Predicting the Oscars with social media (and the problem with Her)

Her joaquin phoenixThere is a problem with Her. No, not her. I mean… Her. You see Her there, but she’s hard to figure out. You’ve been nervous about Her. At first you try not to think about Her, but you can’t ignore Her…you’re not allowed to ignore Her. So what do you do? You start to think of Her in a way you don’t think about the others. Then, you try a new version of Her. Or just forget about Her completely, and move on.

And so begins the quest of many social media analysts doing research on the 2014 Academy Awards.

Every year, tech and entertainment blogs as well as social media companies use social media to try to predict the Oscars winners. Using a variety of tools and resources, analysts usually make their predictions based on movie or actor mentions. Sometimes they build out extended Boolean or keyword queries for searches.

Most of the time, movie titles are unique enough to do this. But this year, several movies like Her and Gravity have generic names, making this task close to impossible. And that’s only the beginning…

The pitfalls of social media research

Inaccuracy and dissimilar data-sets spoil sentiment
A number of analysts use metrics like Facebook fan base sizes or automated sentiment tools – to no avail. Some movies do not even have social accounts, and others that have been in theatres longer might naturally have larger followings due to their life-span. Apart from multiple accuracy issues, automated sentiment predictions are usually based on similar title-only queries that can prove difficult to search against, like Her.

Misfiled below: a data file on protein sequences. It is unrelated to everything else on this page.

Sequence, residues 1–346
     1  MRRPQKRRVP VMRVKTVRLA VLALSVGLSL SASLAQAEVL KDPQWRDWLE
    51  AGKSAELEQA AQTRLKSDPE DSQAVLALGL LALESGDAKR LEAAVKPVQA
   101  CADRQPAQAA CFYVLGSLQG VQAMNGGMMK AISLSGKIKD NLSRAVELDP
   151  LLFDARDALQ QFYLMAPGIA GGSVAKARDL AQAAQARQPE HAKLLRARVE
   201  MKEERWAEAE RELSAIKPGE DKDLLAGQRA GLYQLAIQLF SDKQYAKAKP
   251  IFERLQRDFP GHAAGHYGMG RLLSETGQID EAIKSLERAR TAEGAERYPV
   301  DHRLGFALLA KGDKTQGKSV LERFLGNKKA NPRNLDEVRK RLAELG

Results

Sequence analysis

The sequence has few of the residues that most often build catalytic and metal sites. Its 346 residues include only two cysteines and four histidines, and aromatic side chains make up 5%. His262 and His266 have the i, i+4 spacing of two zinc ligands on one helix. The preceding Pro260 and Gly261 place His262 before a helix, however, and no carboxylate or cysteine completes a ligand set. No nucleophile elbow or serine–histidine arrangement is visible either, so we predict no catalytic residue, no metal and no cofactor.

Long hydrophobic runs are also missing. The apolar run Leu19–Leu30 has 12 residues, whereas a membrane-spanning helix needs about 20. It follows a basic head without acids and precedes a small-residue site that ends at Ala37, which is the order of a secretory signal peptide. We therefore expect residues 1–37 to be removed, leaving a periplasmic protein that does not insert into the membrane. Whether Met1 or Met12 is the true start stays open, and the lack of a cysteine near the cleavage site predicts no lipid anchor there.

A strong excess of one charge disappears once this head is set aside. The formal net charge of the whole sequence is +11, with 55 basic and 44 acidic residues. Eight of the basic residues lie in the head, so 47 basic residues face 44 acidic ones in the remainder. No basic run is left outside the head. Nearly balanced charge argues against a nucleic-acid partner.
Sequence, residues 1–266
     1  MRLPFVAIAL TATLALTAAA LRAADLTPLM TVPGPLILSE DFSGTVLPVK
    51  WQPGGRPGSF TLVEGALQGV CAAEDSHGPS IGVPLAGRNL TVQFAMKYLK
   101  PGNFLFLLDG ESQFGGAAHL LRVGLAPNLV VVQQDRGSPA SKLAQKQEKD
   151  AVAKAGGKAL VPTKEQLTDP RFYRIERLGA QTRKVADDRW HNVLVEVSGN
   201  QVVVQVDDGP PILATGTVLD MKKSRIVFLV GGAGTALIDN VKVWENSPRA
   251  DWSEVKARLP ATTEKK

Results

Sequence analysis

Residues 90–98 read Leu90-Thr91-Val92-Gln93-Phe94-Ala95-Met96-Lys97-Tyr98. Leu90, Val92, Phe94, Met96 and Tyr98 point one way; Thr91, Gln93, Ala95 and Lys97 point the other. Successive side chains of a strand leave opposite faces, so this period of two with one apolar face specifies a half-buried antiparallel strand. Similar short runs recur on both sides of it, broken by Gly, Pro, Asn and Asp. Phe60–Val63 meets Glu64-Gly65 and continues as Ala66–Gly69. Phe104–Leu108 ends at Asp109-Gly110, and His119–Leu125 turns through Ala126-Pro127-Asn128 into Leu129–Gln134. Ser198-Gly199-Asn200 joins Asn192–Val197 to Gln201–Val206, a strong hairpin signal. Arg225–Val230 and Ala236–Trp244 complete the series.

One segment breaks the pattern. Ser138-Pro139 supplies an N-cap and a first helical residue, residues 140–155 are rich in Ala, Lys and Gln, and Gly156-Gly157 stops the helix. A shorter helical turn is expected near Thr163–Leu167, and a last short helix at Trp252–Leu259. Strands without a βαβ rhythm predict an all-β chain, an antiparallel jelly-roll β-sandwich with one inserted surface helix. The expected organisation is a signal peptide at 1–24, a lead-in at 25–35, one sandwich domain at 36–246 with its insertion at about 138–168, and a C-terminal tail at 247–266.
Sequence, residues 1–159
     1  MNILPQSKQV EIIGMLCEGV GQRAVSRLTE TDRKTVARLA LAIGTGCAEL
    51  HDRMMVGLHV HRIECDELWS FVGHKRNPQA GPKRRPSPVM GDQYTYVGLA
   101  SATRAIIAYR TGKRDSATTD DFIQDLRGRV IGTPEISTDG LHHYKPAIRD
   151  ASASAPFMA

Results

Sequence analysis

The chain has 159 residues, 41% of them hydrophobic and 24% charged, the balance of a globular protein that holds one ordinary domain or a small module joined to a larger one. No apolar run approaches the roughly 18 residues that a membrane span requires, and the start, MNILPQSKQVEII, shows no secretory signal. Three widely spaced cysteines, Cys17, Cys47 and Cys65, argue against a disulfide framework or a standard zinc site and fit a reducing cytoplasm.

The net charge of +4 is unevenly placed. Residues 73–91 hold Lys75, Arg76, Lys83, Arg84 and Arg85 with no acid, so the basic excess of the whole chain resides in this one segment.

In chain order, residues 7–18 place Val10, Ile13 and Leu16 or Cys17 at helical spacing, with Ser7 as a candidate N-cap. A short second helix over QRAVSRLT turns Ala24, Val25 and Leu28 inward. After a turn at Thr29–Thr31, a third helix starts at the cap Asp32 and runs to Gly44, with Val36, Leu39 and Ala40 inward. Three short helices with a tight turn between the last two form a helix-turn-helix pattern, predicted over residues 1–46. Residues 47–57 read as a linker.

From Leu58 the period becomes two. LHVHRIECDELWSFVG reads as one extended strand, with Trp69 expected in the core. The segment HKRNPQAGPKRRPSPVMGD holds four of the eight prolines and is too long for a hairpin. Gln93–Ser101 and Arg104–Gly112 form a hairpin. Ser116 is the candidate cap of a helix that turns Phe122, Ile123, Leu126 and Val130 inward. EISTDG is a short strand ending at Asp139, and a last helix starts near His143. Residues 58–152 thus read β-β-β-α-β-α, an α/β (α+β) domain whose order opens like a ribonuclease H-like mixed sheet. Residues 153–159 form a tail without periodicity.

More query issues!
Popular movies are more likely to receive more mentions than other nominees, no matter what. When in 2009, Avatar became the highest grossing movie of all-time; it had many more Twitter mentions than competitor Hurt Locker, because of its blockbuster scale. But it still lost out at the Oscars that year.

Most social research around nominees comes from just the title of the movie or actor mentions. This only proves the popularity of the movie or actor individually over the award context.

In addition to this conundrum, social media analysts build their own search queries, resulting in different results from report to report. Just think of the issue with Her and the millions of random messages that would show up. This one, for instance includes mentions of “her” and “best picture”.

While various queries from different analysts cannot be avoided, the queries used in predictions can certainly be improved. Rather than basic movie title searches or hashtag mentions (which some companies are using for Her and Gravity this year); queries used in predictions should be contextually based on the Oscar category they are in. For instance, Gravity’s Emmanuel Lubezki’s cinematography nomination may be searched for as: (gravity OR lubezki) AND (cinematography OR bestcinematography).

Timeframes can affect everything
Collecting data before nominations are announced is one mistake. Another is to collect on any days that immediately follow the nomination announcement. The former does not reflect actual award discussions, and the latter leads to massively skewed numbers that are mostly reflective of news sharing, and not opinions.